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Joy is a Willie Nelson Song

Updated: Mar 30, 2022

Joy can come to us in many forms. What makes one person happy may not mean a damn to another. But if it makes you blissful, as long as you're not causing any harm, I say roll with it.


In this case of merriment, I was driving home from work listening to a song called "Down Yonder" written by a gentleman named L. Wolfe Gilbert. Gilbert wrote the song in 1921. The version I was listening to was recorded by Willie Nelson in 1975 for his album Red Headed Stranger.


Nelson's version of "Down Yonder" is one minute and 56 seconds and for about five seconds of the song I felt such happiness that I couldn't contain myself. I burst into laughter I was so happy. If you're interested here's the formula:


"Down Yonder" (Willie Nelson Version) + Car Ride + Man Walking Small Dog = Joy


I've already discussed the first two parts of the equation. The song, of course, and that I was in a car. It doesn't really matter if you're driving, a passenger, or where you're headed. The key is that you are in a car that is in motion. The last part of the equation, "Man Walking Small Dog" is just as important as the first two parts. Although it doesn't necessarily have to be a man, so we'll change it to "Human Walking Small Dog". And if you're wondering if "Small Dog" matters compared to say "Big Dog" or "Medium Dog" it does. Big dogs tend to lumber as they walk. While the gait of a medium dog is too perfect. Only the frantic leg hustle of a small dog will work for this joy equation.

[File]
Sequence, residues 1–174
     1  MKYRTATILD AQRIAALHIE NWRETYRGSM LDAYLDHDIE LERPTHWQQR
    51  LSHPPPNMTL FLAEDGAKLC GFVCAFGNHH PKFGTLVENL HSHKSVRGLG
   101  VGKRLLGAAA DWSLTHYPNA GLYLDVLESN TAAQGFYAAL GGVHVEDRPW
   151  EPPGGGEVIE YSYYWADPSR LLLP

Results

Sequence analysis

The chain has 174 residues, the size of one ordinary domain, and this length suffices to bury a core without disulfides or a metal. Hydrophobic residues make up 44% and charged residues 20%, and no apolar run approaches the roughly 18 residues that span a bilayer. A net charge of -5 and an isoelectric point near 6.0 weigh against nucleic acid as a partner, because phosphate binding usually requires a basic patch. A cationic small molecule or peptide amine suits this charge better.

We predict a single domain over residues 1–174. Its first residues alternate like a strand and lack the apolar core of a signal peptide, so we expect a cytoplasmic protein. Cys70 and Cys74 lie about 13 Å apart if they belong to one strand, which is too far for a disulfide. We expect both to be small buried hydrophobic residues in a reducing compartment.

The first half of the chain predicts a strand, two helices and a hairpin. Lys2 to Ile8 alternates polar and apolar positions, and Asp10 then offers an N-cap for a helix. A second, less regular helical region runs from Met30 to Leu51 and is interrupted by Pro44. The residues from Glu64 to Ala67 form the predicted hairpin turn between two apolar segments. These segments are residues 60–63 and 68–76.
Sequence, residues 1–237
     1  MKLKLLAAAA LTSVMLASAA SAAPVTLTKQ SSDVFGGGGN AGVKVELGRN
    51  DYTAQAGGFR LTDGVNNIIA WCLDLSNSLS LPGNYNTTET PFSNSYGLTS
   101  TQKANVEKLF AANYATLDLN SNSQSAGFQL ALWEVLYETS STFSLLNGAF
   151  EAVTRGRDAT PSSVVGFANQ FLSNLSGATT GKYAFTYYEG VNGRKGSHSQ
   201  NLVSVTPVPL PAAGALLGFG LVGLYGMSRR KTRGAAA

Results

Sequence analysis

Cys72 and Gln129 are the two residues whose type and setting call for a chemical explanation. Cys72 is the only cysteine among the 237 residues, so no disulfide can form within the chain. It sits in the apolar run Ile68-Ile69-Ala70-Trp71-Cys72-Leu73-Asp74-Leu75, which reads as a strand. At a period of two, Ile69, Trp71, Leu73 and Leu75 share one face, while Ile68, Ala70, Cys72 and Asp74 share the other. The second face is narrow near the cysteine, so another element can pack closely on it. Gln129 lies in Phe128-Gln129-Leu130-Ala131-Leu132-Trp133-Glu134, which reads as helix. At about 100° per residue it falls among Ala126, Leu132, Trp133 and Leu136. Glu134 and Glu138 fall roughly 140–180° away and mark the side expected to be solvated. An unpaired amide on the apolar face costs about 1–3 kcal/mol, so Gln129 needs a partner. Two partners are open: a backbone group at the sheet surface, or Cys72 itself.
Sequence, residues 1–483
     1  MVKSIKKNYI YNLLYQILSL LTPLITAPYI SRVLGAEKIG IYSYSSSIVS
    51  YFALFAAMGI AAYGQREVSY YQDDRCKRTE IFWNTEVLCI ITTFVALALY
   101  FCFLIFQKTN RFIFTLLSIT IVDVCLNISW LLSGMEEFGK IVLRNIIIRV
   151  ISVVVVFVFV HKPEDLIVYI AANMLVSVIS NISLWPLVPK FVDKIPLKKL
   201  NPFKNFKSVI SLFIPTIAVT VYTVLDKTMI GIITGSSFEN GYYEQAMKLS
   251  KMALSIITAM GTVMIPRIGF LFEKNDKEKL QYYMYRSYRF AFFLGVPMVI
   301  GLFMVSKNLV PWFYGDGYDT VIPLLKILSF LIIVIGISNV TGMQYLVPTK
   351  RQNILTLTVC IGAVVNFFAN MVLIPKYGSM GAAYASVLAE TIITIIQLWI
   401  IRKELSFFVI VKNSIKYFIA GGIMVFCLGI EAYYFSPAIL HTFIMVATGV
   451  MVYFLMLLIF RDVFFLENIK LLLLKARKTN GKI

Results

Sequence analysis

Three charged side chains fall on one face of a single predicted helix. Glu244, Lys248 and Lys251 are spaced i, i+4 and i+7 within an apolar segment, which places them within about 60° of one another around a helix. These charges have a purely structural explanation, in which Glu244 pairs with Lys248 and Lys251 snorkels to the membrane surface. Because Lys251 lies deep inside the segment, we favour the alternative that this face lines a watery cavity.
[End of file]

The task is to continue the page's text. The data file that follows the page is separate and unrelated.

So here's how it went down:


I rounded a bend in the road, the tempo and timbre of "Down Yonder" had already put me in a pretty pleasant mood. I was also enjoying the act of driving; hands on the wheel, foot on the gas, glancing in the mirror, all of it. Most of the time driving can be, say, robotic, but in this instance, I was quite taken with the act. And it was at this point that I spotted a man, around 5'9, dark hair, walking what appeared to be a Jack Russell Terrier. The terrier was really working, tongue hanging out, legs moving fast, the whole bit. And it was at this moment as I approached our duo that I locked into pure joy. The song, the driving, and the man/dog walking got to me in the best way.


I laughed, feeling the best I had since I don't know when. I continued on my way home, confident that I had just experienced one of the highlights of my life.







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